Celebrate WOC
Smaller and Smaller Circles by F.H. Batacan – Philippines
I have the ebook of this. I stumbled across it when browsing books on my kindle and it’s a highly praised detective story. I’m really looking forward to this one.
Other squares it can be used for: Genre, Asia, Firsts

Caribbean
Augustown by Kei Miller – Jamaica
Set in 1982 on the precipice of something major happening, a boy is distracted by Ma Taffy asking him, “Kaia, I ever tell you bout the flying preacherman?” I bought this book second-hand in London at the beginning of the year I know next to nothing about it.
Other squares it can be used for: Historical

Middle East
I have two choices for this square.
De Niro’s Game by Rawi Hage – Lebanon
This is an audiobook I have borrowed from my library. It’s about two long-time friends who grew up together in war-torn Beirut.
Other squares it can be used for: Firsts

The Nimrod Flip-Out by Etgar Keret – Israel
A collection of short stories that was a recent purchase and the only thing I know about these short stories, is apparently they can be a bit weird and satirical.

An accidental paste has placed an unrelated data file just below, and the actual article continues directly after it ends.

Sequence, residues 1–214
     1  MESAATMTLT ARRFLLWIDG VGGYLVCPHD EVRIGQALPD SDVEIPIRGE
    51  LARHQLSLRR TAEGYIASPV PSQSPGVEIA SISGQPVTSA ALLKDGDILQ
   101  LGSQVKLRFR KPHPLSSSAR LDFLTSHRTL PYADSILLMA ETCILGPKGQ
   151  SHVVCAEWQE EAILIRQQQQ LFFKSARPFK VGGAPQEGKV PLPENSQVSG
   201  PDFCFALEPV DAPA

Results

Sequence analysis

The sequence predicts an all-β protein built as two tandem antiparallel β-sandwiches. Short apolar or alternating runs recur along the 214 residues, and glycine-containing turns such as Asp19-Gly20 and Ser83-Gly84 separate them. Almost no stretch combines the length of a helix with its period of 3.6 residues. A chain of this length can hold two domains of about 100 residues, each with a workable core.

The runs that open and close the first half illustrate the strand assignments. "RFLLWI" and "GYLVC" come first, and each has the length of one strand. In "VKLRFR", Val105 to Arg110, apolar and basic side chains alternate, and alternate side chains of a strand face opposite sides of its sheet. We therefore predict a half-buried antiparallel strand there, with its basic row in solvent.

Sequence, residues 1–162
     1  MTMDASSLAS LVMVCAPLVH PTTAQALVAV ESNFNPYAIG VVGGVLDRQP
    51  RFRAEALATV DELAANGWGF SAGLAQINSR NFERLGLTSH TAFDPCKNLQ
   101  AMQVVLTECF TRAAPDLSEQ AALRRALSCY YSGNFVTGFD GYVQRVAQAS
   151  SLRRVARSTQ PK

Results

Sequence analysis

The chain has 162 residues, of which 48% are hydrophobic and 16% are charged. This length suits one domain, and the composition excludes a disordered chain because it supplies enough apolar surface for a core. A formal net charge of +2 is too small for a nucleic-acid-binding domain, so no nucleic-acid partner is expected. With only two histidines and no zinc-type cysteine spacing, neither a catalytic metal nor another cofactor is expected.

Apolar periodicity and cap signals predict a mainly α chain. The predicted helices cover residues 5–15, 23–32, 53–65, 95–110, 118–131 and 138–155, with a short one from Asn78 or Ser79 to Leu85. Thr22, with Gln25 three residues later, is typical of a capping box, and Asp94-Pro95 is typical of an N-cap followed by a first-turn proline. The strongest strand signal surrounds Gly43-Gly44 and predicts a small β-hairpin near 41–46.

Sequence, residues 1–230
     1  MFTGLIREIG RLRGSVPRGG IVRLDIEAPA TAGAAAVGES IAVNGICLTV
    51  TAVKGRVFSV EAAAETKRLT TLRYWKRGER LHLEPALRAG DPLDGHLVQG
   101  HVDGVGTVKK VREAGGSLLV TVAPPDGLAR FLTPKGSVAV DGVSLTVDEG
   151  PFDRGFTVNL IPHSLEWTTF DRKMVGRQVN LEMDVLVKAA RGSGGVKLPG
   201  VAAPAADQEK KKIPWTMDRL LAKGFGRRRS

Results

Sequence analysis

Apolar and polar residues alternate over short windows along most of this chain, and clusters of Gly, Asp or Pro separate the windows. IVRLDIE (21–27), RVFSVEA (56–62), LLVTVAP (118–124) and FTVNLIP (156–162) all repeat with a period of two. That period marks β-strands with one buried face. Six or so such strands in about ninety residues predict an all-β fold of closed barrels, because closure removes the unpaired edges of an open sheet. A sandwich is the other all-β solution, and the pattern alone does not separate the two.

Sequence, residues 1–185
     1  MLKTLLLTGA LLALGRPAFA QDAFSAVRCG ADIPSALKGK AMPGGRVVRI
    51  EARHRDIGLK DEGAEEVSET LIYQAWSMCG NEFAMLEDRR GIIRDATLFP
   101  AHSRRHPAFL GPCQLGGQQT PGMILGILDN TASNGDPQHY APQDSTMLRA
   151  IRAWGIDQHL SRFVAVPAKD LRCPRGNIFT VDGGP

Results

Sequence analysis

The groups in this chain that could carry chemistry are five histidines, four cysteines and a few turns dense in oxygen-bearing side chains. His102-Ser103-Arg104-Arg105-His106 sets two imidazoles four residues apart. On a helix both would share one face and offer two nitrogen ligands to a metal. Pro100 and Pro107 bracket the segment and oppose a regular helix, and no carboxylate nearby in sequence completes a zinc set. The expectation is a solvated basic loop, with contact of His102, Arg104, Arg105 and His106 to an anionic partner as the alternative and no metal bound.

Other squares it can be used for: Short Stories

Non-Fic
Summer is my Favourite Season: A Memoir of Childhood and War in Kosovo by Ilir Berisha – Kosovo
A memoir from footballer Ilir Berisha. I’ll admit he’s not a footballer I know of, but I think it’ll be an interesting insight of what it’s like growing up in Kosovo – a country that’s not recognised as its own independent state by some countries.
Other squares it can be used for: Firsts, Europe, Political Controversy

Americas
Never Stop Walking: A Memoir of Finding Home Across the World by Christina Rickardsson – Brazil
Another book I’ve got on my kindle. This sounds like a potential sad autobiography as Christina Rickardsson was born in Brazil but at the age of seven she was taken to an orphanage and then to a village in the north of Sweden.
Other squares it can be used for: Celebrate WOC, Firsts, Non-Fic, In Translation